• News Desk
  • News Briefs
  • News Summaries
  • Columnists
  • Sports
  • Editorial
  • Arctic arts
  • Readers comment
  • Find a job
  • Tenders
  • Classifieds
  • Subscriptions
  • Market reports
  • Northern mining
  • Oil & Gas
  • Handy Links
  • Construction (PDF)
  • Opportunities North
  • Best of Bush
  • Tourism guides
  • Obituaries
  • Feature Issues
  • Advertising
  • Contacts
  • Archives
  • Today's weather
  • Leave a message

    NNSL Photo/Graphic

  • NNSL Logo .
    Home Page text size buttonsbigger textsmall text Text size Email this articleE-mail this page
    NNSL Photo/Graphic
    No-parking signs left over from last weekend's Ramble and Ride grace the now mostly car-free Government Dock.
    By order of her majesty

    Lauren McKeon
    Northern News Services
    Wednesday, August 6, 2008

    It started with a letter dated July 9, 2008. Left tucked under the windshield wipers of derelict, abandoned and permanently parked cars at the Government Dock, the letter reads: "At no time has Her Majesty formally, or by her actions, authorized the long-term parking or storing of vehicles on the wharf ... Her Majesty demands that they be removed within 10 days."

    Contrary to first impressions, the initiative to rid the wharf of wayward cars was not prompted by the Queen, but by Connie Michael, an officer with the Department of Fisheries and Oceans (DFO) in Winnipeg.

    Michael said that after numerous visits to the wharf she became "sick and tired" of people abusing federal property.

    "People are beginning to think this is their property," she said. "But this is federal land."

    "Somebody has literally taken our property and turned it into an abandoned dumping ground for vehicles," she added.

    According to Michael and the letter issued, under a city bylaw parking vehicles on private property - in this case federal - without express permission of the owner is unlawful. And although the targeted vehicles have, within the past week or so after receipt of the letter, been removed by the owner or towed, so far the city has not become involved.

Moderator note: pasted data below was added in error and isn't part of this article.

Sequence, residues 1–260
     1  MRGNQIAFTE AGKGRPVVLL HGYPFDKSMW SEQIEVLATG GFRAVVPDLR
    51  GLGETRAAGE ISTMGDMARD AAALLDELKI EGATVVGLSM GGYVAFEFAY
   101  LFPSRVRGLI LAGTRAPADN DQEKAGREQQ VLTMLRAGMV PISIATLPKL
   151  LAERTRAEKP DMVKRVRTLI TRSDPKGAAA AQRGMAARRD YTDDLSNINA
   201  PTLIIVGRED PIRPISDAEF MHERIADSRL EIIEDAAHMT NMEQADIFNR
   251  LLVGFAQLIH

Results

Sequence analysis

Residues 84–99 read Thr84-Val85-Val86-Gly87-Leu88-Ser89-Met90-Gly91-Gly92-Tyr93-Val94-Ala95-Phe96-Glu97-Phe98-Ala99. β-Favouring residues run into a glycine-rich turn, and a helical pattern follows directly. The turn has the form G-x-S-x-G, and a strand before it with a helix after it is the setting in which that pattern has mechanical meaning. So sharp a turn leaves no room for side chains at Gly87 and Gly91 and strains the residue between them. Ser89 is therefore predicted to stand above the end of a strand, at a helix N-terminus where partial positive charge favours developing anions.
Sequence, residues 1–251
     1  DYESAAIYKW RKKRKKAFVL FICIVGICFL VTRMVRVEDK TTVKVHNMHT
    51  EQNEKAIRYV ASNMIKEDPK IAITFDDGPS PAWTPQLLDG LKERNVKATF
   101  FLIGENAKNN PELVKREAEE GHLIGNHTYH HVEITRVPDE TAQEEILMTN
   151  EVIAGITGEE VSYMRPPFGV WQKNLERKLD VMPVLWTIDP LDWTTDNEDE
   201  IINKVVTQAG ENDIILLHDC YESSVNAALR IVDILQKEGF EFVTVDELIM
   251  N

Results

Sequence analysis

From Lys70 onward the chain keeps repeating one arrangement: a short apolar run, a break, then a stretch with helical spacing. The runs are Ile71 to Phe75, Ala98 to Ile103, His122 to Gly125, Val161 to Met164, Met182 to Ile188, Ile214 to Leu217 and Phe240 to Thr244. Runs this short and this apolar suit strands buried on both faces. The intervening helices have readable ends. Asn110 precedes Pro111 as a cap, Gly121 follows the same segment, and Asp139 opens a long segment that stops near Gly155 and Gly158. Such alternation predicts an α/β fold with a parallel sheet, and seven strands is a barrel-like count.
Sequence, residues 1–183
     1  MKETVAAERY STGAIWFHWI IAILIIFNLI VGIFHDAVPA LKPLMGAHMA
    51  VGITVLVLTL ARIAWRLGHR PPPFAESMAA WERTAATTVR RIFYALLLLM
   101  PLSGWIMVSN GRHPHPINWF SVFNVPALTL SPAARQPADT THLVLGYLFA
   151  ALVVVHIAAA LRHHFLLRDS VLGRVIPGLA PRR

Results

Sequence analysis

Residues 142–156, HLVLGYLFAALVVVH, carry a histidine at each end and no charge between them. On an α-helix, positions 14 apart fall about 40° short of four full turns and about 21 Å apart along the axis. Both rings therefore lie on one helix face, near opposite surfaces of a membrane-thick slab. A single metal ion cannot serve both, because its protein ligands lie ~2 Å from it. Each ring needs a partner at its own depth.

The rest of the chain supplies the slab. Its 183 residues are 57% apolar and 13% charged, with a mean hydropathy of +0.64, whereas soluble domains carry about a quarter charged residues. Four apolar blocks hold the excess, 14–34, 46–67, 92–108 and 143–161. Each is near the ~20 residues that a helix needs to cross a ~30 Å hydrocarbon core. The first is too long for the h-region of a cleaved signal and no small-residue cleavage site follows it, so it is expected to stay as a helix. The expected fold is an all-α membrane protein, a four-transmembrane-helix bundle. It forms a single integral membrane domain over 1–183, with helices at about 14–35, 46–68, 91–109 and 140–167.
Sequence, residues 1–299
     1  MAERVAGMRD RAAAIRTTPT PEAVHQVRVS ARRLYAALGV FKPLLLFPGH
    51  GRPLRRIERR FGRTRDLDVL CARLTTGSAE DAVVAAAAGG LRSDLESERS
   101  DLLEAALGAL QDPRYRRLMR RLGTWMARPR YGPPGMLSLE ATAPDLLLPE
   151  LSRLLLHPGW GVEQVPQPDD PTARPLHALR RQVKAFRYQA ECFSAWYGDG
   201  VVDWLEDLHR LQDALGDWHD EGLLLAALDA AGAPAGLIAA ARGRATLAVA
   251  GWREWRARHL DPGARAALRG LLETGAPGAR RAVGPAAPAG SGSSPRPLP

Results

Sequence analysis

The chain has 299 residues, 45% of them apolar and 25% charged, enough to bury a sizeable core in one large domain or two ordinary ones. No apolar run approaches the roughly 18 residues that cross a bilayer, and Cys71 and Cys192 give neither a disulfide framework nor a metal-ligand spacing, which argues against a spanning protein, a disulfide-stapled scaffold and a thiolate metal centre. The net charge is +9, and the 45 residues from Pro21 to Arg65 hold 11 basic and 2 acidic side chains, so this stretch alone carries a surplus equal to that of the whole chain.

"It's not our property; it's federal property," said Doug Gillard, manager of the city's municipal enforcement division. He added that he wasn't aware of the initiative - which is about to get a lot bigger.

    The department will soon make it clear that any parking at the wharf - except for on-loading and offloading of boats - will be prohibited. Originally, day parking was to be allowed, said Michael, but the idea was abandoned once DFO realized it would be too hard to police.

    John Alexander, for one, is "tickled pink" over the move. Alexander, whose property is sometimes mistaken as being part of the wharf, added that the whole community is "elated” - with the possible exception of houseboaters. He recalled a time in the 1980s where he was one of only two houseboat owners.

    "It's a problem that crept up very slowly," he said, referring to the number of houseboat-dwellers that began using the wharf as a parking spot over the years - in addition to the number of cars abandoned at the wharf.

    "I know it's a corny thing to say," Alexander admitted, "But my tax dollars administer this bloody dock and I don't feel like it just being a public parking lot."

    It's not just about property added Pat Winter, another resident whose home is close to the wharf. "It's supposed to be accessible to the public - to walk down there and have a look around," she said, "You can't do that if it's loaded with junk."

    "We don't want to discourage people from using the wharf," Michael stressed. "But we cannot tolerate people just leaving their cars there, thinking it's not costing anybody anything. It's costing us."